Legendary editor Russ Kick returns to the DisinfoCast to discuss his new collection Death Poems, an anthology of verse both modern and classic dedicated to all aspects of death: Funerals, the death penalty, serial killings, the Underworld and more. Funny, sad, atheistic, spiritual, mythic, wise and morbid, this is the perfect collection for anyone who needs a little “memento mori”.
Additional subjects discussed: Near-death experiences, morbid thoughts, the afterlife or lack thereof, “the 357 test”, the role of art, post-modernism and more.
Scientists believe that they may have found an explanation for the near-death experience. Apparently the brain continues functioning for 30 seconds after blood stops flowing. Incidentally, this may lend more credence to stories of human heads continuing to function after decapitation.
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There may be a scientific explanation for the vivid near-death experiences, such as seeing a shining light, that some people report after surviving a heart attack, US scientists said Monday.
Apparently, the brain keeps on working for up to 30 seconds after blood flow stops, according to a study published in the Proceedings of the National Academy of Sciences.
University of Michigan scientists did their research on nine lab rats that were anesthetized and then subjected to induced cardiac arrest as part of the experiment.
In the first 30 seconds after their hearts were stopped, they all showed a surge of brain activity, observed in electroencephalograms (EEGs) that indicated highly aroused mental states.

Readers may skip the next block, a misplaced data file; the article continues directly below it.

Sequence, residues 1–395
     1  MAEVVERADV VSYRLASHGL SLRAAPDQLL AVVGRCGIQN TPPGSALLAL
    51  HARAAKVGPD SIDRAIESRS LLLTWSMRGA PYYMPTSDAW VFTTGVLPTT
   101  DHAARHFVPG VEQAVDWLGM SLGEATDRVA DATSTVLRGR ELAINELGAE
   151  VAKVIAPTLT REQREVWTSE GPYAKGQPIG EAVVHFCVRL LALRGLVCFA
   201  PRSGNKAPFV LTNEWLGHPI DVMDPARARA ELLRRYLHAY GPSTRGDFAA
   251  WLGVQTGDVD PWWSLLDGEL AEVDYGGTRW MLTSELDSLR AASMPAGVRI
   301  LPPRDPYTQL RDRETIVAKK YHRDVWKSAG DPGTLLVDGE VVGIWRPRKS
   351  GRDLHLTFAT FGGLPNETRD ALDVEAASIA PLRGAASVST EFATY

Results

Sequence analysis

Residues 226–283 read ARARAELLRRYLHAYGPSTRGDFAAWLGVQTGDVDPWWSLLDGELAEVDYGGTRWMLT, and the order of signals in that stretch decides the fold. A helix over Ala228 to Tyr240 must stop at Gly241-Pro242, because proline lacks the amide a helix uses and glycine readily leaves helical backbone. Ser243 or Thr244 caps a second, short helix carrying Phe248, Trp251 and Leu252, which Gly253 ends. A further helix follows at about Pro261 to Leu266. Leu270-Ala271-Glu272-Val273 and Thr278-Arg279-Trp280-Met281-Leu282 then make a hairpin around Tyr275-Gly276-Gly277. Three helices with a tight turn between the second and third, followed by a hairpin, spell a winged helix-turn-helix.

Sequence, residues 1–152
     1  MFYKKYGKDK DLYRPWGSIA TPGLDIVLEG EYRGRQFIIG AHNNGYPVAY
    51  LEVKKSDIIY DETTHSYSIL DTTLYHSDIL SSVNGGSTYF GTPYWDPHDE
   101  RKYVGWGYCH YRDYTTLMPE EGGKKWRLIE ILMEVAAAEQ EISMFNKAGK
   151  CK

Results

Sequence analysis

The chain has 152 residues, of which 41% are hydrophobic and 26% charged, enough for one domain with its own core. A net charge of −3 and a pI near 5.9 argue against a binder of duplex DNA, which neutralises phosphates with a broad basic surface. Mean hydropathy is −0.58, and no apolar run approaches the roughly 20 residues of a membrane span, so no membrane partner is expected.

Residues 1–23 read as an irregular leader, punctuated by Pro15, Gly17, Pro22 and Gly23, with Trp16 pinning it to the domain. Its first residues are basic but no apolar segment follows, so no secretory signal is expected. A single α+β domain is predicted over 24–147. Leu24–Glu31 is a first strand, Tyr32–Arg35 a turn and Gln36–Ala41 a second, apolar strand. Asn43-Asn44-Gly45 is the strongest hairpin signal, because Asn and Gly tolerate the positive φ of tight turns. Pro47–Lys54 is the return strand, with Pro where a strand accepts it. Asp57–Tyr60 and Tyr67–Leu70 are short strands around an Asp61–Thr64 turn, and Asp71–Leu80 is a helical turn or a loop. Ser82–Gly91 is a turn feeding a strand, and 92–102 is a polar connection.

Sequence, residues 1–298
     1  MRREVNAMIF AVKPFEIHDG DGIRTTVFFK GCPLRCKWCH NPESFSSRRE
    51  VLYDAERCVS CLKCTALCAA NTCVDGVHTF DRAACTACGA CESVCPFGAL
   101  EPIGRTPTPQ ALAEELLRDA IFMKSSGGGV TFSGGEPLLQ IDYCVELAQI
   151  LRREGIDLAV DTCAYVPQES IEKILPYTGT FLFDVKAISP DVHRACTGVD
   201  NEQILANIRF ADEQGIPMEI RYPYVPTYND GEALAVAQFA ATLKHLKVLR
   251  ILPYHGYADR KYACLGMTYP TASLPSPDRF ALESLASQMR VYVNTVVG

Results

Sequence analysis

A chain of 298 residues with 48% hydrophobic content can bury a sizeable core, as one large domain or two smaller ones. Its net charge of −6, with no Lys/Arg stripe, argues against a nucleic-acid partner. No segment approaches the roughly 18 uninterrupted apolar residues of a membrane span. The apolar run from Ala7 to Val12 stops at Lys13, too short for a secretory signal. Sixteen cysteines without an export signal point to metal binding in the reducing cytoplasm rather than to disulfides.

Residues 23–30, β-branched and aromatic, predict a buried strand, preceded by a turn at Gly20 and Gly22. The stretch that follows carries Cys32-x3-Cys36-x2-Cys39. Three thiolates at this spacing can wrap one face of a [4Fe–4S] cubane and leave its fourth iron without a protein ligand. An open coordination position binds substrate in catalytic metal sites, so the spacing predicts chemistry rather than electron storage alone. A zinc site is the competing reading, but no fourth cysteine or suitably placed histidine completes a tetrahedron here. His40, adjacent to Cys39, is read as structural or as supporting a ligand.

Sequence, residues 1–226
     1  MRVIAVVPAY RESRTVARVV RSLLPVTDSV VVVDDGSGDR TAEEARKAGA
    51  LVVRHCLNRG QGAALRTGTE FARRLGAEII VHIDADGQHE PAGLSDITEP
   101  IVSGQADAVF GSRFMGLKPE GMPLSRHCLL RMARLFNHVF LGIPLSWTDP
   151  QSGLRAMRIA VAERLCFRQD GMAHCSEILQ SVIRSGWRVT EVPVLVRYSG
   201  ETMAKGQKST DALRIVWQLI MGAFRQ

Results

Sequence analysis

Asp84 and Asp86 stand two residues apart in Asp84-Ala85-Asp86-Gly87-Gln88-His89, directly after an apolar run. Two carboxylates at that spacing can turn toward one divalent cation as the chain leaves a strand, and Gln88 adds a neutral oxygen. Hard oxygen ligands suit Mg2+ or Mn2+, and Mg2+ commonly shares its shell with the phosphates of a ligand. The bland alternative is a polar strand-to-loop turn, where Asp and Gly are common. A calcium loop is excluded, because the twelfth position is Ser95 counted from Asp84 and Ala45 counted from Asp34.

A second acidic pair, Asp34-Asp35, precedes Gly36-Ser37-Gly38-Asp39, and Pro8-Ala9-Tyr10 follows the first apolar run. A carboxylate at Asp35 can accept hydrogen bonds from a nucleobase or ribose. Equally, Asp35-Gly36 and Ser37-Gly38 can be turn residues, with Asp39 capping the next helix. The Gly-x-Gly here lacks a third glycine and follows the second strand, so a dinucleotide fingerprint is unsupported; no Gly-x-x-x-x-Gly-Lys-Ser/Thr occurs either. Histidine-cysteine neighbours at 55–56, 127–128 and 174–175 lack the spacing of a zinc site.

I remain somewhat skeptical that near death experiences (NDE) involve a different plane of perception, but Pim van Lommel is far closer to convincing me than Proof of Heaven. Inspired by the transformative encounters described by his patients, the Dutch cardiologist has interviewed hundreds of people who have had NDEs and argues that they are “real”, cannot be dismissed as tricks of memory or the oxygen-deprived mind, and are suggestive of consciousness existing outside of the brain:
I grew up in an academic environment in which i had been taught that there was a reductionist and literalist explanation for everything, that it was obvious that consciousness was a product of a functioning brain. But the phenomenon of near death experiences raised a number of fundamental questions. I was unable to accept most of the answers to these questions because they seemed incomplete, incorrect, or unfounded.